In the past few decades, Takashi Murakami has cemented his place as one of contemporary art’s most influential artists. The creative polymath is internationally-praised for his extensive oeuvre that is teeming with his beloved Superflat characters in ever-changing forms.
Of all his subjects, the artist’s first cartoon, Mr. DOB, is his most celebrated. The character portrays a sharp-toothed yet playful character whose name derives from the Japanese slang phrase “dobojite” or “why?”. This question reflects Murakami’s dissenting view of consumer society as lifeless and empty, he revealed to Artsy in a statement. In a 2001 retrospective of his work, Murakami further expressed that he came up with the anime-inspired mascot after investigating the worldwide appeal of famous characters such as Walt Disney’s Mickey Mouse.
“I set out to investigate the secret of market survivability – the universality of characters such as Mickey Mouse, Sonic the Hedgehog, Doraemon, Miffy, Hello Kitty, and their knock-offs, produced in Hong Kong,” he said in a statement.
From its earliest appearance to skyrocketing auction sales, read on to learn more about Murakami’s ubiquitous Mr. DOB character which will continue to crop up in his practice much sooner than you think.
Mr. DOB’s made his fine art debut in the three-paneled acrylic on canvas artwork entitled 727. Created in 1996, the large-scale work measures 9’ 10” x 14’ 9” (299.7 x 449.6 cm). In this piece, the character rides a traditional Japanese portrayal of an ocean wave — evoking the motifs found within the historic woodblock prints of legendary Japanese artist Hokusai (1760-1849).
According to the Musem of Modern Art (MoMA), Murakami made the piece using nearly twenty layers of acrylic paint which he scraped away to create the atmospheric impressions on the backdrop — a style most observed in the Nihonga technique that was produced as early as the nineteenth century. “The work is not particularly representative of anything. It is simply a combination of all the available techniques that I had at the time,” Murakami said to the institution at the time.
Success in Numbers
For seasoned buyers of Murakami works, the most-coveted pieces are the Japanese artist’s DOB paintings. Since its introduction in 1996, Murakami produced recognizable works of the hybrid cartoon character under a series entitled And then, and then and then and then and then. Phillips New York sold two of those original paintings in 2010 as a set for a whopping $2,000,000 USD.
The market strength of the DOB continued with the sale of the sculpture entitled DOB in the Strange Forest (1999) in red and blue versions. With slightly different designs for each, the three-dimensional artworks consist of the artist’s trademark elements such as hallucinogenic mushrooms and florals with Jellyfish Eyes, but most importantly, Mr. DOB at the center of the sculptural composition. The blue piece was sold for $2,400,000 USD at Christie’s New York in 2011 while the red version hammered down a significant bid of $3,000,000 USD.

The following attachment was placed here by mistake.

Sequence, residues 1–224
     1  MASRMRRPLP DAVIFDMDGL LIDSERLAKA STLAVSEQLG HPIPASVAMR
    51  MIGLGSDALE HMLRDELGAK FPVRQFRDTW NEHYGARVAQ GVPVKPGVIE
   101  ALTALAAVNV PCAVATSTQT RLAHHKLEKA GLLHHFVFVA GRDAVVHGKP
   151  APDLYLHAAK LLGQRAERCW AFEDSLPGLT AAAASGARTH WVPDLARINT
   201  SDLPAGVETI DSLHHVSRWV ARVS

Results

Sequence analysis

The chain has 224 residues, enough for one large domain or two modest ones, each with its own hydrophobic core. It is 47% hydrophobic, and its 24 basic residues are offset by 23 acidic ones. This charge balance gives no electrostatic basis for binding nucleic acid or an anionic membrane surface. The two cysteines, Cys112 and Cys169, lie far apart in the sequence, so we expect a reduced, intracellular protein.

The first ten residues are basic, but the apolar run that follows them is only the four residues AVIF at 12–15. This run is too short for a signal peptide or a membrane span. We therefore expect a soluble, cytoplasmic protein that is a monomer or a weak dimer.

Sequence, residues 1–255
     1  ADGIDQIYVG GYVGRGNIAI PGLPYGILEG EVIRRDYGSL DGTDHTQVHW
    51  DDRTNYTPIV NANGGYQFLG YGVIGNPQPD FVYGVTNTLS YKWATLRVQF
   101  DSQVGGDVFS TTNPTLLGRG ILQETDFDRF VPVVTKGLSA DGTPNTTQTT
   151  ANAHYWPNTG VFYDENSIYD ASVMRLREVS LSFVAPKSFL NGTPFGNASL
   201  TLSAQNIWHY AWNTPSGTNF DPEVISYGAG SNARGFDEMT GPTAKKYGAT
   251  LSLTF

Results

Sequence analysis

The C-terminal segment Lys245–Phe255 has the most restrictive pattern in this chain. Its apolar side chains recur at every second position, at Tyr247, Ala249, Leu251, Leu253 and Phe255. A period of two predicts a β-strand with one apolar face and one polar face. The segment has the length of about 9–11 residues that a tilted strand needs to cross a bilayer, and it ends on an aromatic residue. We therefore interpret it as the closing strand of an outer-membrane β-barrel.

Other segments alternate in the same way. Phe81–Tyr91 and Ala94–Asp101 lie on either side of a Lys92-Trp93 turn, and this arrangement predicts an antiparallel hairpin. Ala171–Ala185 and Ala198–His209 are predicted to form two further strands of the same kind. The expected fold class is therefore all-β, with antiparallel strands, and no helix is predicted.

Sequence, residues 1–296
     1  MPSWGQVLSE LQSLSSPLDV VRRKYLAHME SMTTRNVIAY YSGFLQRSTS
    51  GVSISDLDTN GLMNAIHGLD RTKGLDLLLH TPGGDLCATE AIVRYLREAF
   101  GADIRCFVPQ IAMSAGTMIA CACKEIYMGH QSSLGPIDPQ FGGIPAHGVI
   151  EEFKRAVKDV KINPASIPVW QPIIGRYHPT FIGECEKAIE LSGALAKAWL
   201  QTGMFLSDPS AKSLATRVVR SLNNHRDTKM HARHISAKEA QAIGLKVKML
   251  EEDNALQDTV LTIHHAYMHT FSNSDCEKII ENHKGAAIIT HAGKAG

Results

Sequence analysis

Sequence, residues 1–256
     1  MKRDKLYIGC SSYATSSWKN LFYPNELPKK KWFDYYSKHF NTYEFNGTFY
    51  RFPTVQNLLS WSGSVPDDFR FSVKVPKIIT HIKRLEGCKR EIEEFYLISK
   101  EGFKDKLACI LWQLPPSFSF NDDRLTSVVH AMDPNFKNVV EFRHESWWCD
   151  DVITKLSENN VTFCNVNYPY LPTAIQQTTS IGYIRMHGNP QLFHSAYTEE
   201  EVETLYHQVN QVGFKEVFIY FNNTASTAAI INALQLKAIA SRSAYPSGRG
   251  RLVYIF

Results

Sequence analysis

Pop Culture Phenom
Mr. DOB started as a sizzling micro-trend in the fine contemporary art industry throughout the 90s, but now, the character has fully transformed into a popular culture phenom. Beyond the canvas, the mascot has made its mark on a number of Murakami’s collaborations with standout designers and musicians. Highlights include the Japanese artist’s 2003 Louis Vuitton partnership where the character was embellished on select luxury handbags. Moreover, the subject appeared in Kanye West’s “Good Morning” (2008) music video directed by Murakami. Not to mention, the Internet had a case of Mr. DOB fever back in 2011 when Google enlisted Murakami to feature the subject and his trademark motifs on its homepage for the summer solstice.
Within the realms of fashion and art, the character’s most recent appearance was in Virgil Abloh and Takashi Murakami’s first-ever exhibition entitled “Future History” that also include collaborative merchandise.
Upon observing its many appearances in multiple outlets, it’s hard to pinpoint where Mr. DOB will appear next. However, we’ll offer you one hint below. For his next endeavor, Takashi Murakami will be working on a comprehensive solo exhibition at Tai Kwun Contemporary in Hong Kong from June 2019. Stay tuned.
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